• Damn. That sucks but very interesting

  • It so funny how Tesla haven’t explain how batteries are made from, I think batteries are more polluted then gas because of all the chemicals that use to make it, but no one talk about it

  • What about an internal combustion hydrogen engine?

  • I mean, why not both in a new age hybrid system? Have a medium to short range LiOn battery for commuting (say maybe 40-60 mile range) that can be charged off of A/C grid power. Then also having a hydrogen tank with a fuel cell for longer range trips. Ideally, for everyday use around town you only use your battery and charge it every night. However, you have hydrogen in the tank ready to go should you need to drive further than your short battery range. Seems to me to get the best of both worlds. You could refuel in a jiffy should you need to, but for everyday non road trip scenarios you can get by on a small LiOn battery. The only problems I see would be long term storage of hydrogen in the vehicle itself and space/weight for all of this. However, we essentially managed the packaging problem with today's plug in hybrid which have more complexity, weight, and space requirements than the system described above.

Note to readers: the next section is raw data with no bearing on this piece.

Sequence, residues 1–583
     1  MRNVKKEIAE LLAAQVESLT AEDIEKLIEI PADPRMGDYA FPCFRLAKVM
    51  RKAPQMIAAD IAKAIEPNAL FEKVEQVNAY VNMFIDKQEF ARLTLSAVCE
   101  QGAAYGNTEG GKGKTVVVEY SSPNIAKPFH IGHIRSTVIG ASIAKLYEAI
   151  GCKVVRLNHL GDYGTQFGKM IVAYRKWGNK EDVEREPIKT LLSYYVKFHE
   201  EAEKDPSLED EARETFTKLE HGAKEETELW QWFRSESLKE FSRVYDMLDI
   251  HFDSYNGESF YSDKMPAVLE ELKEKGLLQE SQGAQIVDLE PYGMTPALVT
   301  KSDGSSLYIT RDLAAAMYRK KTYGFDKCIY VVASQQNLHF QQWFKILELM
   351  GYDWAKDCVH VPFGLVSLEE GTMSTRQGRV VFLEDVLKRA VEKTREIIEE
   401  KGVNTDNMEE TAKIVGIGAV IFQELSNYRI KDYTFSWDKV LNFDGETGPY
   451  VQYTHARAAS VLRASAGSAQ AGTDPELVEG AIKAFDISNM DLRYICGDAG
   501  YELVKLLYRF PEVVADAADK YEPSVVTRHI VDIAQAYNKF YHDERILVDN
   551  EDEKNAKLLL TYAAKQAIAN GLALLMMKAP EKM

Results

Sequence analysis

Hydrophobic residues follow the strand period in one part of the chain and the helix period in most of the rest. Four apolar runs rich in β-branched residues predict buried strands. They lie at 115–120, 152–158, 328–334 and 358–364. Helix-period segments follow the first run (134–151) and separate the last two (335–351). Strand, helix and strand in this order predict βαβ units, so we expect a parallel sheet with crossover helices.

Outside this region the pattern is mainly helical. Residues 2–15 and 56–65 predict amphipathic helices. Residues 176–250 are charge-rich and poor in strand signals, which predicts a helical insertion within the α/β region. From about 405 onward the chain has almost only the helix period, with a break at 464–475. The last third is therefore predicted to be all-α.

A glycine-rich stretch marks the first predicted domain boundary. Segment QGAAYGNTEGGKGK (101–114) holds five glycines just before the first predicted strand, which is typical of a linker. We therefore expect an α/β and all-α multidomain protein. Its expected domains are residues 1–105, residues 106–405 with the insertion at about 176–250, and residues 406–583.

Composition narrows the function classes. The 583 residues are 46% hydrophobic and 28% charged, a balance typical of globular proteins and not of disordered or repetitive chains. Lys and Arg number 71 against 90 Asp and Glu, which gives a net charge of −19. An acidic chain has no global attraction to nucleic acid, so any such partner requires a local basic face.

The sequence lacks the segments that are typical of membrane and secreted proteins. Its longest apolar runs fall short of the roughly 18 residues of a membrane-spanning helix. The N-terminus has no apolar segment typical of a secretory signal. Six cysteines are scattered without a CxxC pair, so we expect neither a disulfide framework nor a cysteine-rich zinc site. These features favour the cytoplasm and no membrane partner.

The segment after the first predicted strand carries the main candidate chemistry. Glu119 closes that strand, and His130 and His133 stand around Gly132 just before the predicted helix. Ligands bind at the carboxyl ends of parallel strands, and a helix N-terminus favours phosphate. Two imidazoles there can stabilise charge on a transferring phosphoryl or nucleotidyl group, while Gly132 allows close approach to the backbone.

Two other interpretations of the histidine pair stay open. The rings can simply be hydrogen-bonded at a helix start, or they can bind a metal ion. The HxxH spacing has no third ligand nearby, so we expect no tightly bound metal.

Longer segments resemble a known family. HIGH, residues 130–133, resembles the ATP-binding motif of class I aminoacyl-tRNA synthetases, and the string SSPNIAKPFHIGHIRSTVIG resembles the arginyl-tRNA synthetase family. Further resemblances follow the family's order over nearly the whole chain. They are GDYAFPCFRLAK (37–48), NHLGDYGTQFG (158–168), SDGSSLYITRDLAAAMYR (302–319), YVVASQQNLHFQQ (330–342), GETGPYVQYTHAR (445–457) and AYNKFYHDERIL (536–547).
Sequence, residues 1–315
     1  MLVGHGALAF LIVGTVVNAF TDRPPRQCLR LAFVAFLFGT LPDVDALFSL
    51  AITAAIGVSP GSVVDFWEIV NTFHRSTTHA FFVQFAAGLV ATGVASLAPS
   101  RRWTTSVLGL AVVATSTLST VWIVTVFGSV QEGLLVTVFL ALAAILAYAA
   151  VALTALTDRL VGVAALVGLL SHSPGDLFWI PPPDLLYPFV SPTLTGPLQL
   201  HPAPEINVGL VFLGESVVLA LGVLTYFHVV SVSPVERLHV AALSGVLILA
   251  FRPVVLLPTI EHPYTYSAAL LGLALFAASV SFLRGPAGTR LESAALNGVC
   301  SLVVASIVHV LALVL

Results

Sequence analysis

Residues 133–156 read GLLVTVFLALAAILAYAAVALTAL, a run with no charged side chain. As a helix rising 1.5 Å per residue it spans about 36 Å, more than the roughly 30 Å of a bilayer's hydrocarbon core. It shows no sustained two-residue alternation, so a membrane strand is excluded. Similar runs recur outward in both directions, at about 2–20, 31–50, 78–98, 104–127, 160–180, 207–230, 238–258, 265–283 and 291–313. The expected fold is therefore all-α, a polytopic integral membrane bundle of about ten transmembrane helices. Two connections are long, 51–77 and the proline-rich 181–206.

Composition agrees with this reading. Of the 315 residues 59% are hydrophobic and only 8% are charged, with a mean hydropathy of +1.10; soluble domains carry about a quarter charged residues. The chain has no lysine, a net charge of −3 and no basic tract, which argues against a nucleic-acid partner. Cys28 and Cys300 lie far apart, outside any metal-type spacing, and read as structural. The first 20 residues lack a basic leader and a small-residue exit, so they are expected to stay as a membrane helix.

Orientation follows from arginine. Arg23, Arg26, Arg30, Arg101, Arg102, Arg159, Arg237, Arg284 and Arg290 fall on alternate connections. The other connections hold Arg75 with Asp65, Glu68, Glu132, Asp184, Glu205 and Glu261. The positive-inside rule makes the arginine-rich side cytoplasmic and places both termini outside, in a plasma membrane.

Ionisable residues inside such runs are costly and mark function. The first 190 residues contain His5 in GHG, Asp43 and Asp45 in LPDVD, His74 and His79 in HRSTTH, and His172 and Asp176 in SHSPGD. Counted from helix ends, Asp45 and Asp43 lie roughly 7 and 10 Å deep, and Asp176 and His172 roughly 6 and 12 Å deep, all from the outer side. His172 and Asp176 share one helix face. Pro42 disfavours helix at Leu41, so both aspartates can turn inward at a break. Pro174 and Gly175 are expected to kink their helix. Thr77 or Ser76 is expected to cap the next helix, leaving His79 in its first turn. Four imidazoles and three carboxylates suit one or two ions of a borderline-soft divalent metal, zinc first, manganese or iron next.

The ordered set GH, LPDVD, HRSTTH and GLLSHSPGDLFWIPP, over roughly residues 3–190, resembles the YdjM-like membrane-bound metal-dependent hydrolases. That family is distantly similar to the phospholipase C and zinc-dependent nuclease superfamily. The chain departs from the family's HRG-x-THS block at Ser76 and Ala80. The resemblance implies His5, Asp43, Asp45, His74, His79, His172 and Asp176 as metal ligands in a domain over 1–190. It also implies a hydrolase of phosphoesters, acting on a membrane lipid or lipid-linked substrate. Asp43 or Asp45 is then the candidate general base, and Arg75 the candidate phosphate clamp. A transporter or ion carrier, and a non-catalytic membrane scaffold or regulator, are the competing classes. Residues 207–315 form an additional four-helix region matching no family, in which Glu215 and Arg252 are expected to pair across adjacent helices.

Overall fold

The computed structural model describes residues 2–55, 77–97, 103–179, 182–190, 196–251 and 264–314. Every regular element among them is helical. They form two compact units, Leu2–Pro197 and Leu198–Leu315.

• Don't forget that Hydrogen is highly explosive so you need good security and solid construction on each filling station. If not you will have Hindenburgs all over the place.

  • Hydrogen is energy dense but production of Hydrogen leaves 70 percent carbondioxide. This is not good. Finding different battery sources are required suck as graphene, it should be cheap and reliable.

  • Why bother losing energy charging batteries with hydrogen when it is combustible like gasoline. Use it to combust cylinders the same way and get more power and immediacy. Yes hydrogen is explosive but so is gasoline. If I'm gonna go out in an explosion I would rather it be quick and over with and not burn to death in gasoline. Ha ha ha

  • You assume that hydrogen is produced on industrial sites then compressed then transported to gas stations which is a waste of energy. Hydrogen can directly be produced and stored in every gas station thanks to electrolizers directly connected to the grid with green electricity contracts. We must keep in mind that green electricity from wind and solar is often wasted when the electricity grid is saturated. This excess electricity can be stored in hydrogen form at very low price instead of beeing freely wasted.

  • …why would you say that FUEL CELL (DC) must be converted to (AC) for the motor(s)?? The opposite is rather the case, being DC motors the preferred E-engine type, which by the way, also regenerates some of its braking back into … charging DC from those motors (acting as brakes) into the batteries.